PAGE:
Somewhere in the 90′s a transformation began to happen where employee satisfaction became an important measure for a company and an amplifier of its brand. Lists began to pop up in top business magazines such as Fortune and Forbes, recognizing that human capital could be as important a business driver as revenue and market capitalization, and so the drive for greater employee engagament was born.
But it didn’t necessarily thrive. While being at the top of or even on these prestigious lists certainly provided a source of pride, its difficulty in measuring a direct impact on profitability often made it a secondary concern in operational strategy except for a handful of companies that made it a priority. As such, to this day, while buzz phrases like Employer of First Choice continue to be spun around HR departments across the globe, tremendous opportunities continue to exist in most organizations to truly seize upon the value of their most important asset – their people.
Success in business can generally be broken down into four crucial, manageable components – People, Service, Sales and Profit. Great companies and great leaders find a successful balance between these four “levers”, however different leaders (and different companies) may emphasize each lever their own way to arrive at the same end goal. My philosophy has always been that great people lead to great service, leading to increased sales which ultimately lead to increased profitability. Great people are employees that are fully trained and fully engaged in your brand, your vision, and your results.
The costs of an unengaged employee are obvious but sometimes tough to measure. When your team isn’t engaged, they are less productive, more prone to turnover, and they tend to create an environment in which others become unengaged, perpetuating a cycle that hurts your business and how people perceive you as a leader. What’s worse, most employees are to some degree unengaged, meaning they come to work and do their job, never going the extra mile unless forced and often doing less when they can get away with it. Great leaders make it a point to engage each employee, every day, by creating an environment in which they can thrive and succeed.
The good news is that engaging your employees is difficult but not complex. While a number of models exist to explain what keeps an employee satisfied, it comes down to three things. Employees want to feel:
- They matter, as people, to an organization and are not just units of production
- Their role matters, so that what they do every day is somehow contributing to the end goal
- They’re making progress towards that goal
Notice that money or compensation doesn’t make the list. One of the fundamental breaks in conventional leadership practice (not necessarily theory because it’s been disproved long ago) is that the primary motivator of people is not salary or additional compensation. It shouldn’t surprise you that rewards – not recognition which usually ranks higher – ranks towards the middle of most lists on employee motivation. It is a very short term approach that has huge risks over time and ultimately doesn’t answer your team’s deepest motivations. The message from workers, your workers is that they want an environment that is inclusive and productive, where they feel as though they are moving the needle most if not every day towards something that matters to them as well as the organization. How you accomplish this ultimately defines you as a leader, more than your results could ever do alone.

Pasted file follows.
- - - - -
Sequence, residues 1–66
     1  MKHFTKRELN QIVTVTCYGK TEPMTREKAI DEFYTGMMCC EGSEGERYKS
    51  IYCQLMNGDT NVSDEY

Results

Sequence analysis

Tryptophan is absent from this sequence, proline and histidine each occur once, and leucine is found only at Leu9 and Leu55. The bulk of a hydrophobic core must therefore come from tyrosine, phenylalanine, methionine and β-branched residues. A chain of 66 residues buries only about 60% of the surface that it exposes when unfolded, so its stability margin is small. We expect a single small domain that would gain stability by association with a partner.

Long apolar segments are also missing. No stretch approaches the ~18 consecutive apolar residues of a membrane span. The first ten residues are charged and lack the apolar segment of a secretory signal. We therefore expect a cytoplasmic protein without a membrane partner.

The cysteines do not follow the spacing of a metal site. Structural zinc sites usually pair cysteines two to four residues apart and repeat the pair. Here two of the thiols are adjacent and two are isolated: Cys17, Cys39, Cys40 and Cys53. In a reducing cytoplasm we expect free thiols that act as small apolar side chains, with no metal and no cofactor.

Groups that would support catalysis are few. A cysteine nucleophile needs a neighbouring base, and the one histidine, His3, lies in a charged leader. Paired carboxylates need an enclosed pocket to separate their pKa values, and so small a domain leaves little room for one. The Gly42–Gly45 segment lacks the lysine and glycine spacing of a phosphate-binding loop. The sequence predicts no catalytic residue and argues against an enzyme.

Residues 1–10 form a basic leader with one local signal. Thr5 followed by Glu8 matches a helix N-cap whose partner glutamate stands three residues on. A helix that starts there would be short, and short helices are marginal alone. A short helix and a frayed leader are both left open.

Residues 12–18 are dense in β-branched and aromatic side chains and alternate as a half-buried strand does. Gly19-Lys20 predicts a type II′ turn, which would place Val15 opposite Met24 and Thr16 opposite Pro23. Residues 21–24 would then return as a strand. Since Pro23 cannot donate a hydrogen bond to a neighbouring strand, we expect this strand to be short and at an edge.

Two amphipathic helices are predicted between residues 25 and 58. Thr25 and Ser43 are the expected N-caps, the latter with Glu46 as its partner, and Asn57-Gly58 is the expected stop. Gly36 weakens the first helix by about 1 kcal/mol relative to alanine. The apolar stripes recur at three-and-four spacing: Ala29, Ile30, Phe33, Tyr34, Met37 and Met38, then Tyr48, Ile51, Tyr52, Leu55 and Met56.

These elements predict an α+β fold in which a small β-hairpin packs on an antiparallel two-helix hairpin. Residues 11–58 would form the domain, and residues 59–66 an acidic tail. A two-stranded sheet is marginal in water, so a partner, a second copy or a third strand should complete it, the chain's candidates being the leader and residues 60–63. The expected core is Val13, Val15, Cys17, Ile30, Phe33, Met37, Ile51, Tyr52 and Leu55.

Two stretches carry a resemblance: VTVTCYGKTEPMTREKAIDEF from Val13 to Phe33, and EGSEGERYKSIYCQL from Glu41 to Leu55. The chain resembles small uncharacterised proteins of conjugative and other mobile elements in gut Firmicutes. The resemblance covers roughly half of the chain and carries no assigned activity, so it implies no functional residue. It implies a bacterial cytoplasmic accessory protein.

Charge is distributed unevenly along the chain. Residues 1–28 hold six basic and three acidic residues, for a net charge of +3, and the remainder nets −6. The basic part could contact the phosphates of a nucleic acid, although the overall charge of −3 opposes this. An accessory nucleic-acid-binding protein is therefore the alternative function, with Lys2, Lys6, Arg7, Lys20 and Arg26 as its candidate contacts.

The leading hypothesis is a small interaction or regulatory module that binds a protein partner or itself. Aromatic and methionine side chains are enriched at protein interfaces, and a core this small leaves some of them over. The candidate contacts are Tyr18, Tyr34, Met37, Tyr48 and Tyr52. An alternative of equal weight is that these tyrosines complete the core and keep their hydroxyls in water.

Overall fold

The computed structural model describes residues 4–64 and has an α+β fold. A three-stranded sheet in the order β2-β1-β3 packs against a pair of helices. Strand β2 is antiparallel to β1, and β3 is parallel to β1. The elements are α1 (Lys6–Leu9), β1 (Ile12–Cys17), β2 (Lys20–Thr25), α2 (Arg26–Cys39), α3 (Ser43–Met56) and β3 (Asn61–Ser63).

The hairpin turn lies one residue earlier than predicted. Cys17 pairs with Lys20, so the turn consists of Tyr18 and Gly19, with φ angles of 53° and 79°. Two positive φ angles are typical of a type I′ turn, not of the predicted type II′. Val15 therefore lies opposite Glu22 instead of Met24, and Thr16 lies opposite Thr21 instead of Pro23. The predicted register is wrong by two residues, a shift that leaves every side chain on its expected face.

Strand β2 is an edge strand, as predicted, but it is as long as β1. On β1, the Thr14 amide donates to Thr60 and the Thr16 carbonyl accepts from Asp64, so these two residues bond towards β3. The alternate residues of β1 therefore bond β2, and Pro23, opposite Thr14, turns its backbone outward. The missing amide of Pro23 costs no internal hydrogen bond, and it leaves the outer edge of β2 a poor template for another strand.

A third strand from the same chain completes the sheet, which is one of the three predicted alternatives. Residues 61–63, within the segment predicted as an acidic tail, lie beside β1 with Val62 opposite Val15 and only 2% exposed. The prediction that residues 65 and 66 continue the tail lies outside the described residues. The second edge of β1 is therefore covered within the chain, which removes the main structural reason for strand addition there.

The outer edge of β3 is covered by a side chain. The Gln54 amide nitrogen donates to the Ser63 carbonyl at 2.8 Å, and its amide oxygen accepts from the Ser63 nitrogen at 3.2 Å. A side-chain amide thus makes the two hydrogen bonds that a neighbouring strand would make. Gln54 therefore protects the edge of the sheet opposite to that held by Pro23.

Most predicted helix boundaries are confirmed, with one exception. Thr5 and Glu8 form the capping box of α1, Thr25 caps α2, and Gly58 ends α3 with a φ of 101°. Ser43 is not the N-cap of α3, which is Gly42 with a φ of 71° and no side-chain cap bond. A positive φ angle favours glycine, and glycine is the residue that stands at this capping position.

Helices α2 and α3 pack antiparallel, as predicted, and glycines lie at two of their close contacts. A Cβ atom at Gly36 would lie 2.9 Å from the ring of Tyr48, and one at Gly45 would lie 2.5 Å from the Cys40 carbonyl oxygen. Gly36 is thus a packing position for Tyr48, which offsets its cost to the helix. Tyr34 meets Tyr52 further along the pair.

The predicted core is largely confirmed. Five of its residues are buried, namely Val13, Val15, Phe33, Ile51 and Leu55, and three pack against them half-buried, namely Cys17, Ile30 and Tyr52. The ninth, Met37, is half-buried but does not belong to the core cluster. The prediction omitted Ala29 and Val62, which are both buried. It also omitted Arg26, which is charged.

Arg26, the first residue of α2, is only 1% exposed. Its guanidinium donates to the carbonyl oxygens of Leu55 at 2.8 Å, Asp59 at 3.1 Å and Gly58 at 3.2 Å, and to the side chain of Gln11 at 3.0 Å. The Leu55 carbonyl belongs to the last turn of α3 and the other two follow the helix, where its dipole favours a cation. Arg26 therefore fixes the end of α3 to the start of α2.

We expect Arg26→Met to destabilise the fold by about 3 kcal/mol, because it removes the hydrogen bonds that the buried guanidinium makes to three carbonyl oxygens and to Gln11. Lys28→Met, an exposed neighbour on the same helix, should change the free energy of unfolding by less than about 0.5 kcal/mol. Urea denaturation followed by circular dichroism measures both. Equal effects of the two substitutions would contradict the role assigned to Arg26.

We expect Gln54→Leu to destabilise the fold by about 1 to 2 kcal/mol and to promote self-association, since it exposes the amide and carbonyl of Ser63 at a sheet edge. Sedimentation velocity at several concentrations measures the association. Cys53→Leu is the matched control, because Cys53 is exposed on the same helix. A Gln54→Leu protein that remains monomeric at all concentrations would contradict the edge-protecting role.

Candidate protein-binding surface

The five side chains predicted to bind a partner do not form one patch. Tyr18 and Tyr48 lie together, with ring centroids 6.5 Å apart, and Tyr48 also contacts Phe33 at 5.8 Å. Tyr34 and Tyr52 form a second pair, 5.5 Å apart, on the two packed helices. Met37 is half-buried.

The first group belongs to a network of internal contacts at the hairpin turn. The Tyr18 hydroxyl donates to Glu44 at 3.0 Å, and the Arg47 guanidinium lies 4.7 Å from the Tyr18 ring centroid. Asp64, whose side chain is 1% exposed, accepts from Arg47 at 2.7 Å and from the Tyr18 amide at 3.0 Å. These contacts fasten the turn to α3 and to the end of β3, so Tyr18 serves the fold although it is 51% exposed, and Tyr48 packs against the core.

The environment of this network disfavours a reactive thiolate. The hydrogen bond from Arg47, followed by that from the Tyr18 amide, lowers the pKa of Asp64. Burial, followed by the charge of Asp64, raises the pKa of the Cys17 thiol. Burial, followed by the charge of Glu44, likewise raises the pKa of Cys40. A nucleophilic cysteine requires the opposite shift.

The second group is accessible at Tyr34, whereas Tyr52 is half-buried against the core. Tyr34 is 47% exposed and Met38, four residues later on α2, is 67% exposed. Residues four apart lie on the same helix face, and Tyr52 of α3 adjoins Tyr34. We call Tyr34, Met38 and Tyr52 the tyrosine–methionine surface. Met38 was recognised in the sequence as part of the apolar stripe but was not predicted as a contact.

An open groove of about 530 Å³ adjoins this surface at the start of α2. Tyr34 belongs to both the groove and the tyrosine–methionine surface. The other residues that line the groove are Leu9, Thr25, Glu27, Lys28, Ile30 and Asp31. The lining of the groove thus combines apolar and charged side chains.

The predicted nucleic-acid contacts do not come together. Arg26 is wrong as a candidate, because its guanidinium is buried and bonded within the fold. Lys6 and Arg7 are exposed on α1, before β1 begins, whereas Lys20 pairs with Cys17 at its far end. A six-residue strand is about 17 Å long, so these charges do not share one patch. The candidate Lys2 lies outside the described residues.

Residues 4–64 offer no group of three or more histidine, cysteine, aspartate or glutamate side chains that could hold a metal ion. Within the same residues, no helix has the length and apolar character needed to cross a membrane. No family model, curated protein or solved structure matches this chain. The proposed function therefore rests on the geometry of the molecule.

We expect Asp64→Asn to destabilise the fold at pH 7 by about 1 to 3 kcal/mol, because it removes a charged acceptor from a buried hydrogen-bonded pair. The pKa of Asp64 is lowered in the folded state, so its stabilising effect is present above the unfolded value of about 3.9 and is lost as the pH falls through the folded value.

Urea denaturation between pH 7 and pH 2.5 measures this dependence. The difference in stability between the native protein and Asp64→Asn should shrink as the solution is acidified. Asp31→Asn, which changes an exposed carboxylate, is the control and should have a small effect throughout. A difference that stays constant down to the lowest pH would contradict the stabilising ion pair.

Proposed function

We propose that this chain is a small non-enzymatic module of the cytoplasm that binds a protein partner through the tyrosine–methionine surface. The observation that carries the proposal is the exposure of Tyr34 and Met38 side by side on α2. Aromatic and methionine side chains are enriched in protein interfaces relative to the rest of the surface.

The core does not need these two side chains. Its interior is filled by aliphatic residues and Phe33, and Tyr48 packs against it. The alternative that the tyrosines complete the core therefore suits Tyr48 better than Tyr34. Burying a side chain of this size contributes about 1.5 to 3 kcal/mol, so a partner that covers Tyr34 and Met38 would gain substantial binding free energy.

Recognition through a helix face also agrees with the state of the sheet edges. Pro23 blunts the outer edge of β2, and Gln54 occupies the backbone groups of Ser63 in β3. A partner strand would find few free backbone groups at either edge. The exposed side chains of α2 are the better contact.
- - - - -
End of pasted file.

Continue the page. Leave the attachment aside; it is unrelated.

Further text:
Making People Matter
Generally speaking, people do not work because they want to. They work because they have to. Which means that antiquated notions such as personal or brand loyalty have to be taken with a grain of salt. Yes people who have to work may choose to work for what they perceive is a model company or a great leader, but it is not without expectation. During a time when company loyalty to its employees was prevalent, such as in the post-World War 2 era when pensions were popular and people expected to be with one company their entire career, it may have been more clear cut. But in reality that loyalty bond snapped on both sides long ago, as both corporate and personal self-interest became increasingly visible in the relationship between company and employee.
Good leaders recognize this and find ways to link the interests of the organization with the interests of its team members. That doesn’t mean finding what motivates you and creating programs around it. It means finding what motivates them and creating a permanent environment around it. The biggest mistake leaders commit is they make their employees feel like faceless, nameless cogs in the machine who exist only to produce for them. Worse yet they apply a single, inflexible management style that likely only appeals to a small subset of the organization. These wouldn’t work for you, and they are certainly not working for your employees.
Instead, try asking your teams how they feel about working in your organization. Out of pride or a lack of self-awareness we tend to ignore this very crucial tool in employee engagement. When our results are good, or bonuses are good, we make a possibly incorrect assumption that people enjoy working for us. We sometimes forget, especially when in positions of authority that our employees may not feel comfortable telling us about their dissatisfaction for fear of retaliation or simply just out of fear for speaking up. But every organization and every leader has an opportunity to improve, and asking your employees where you can do that has the dual benefit of giving you actionable feedback and directly telling them their opinion counts.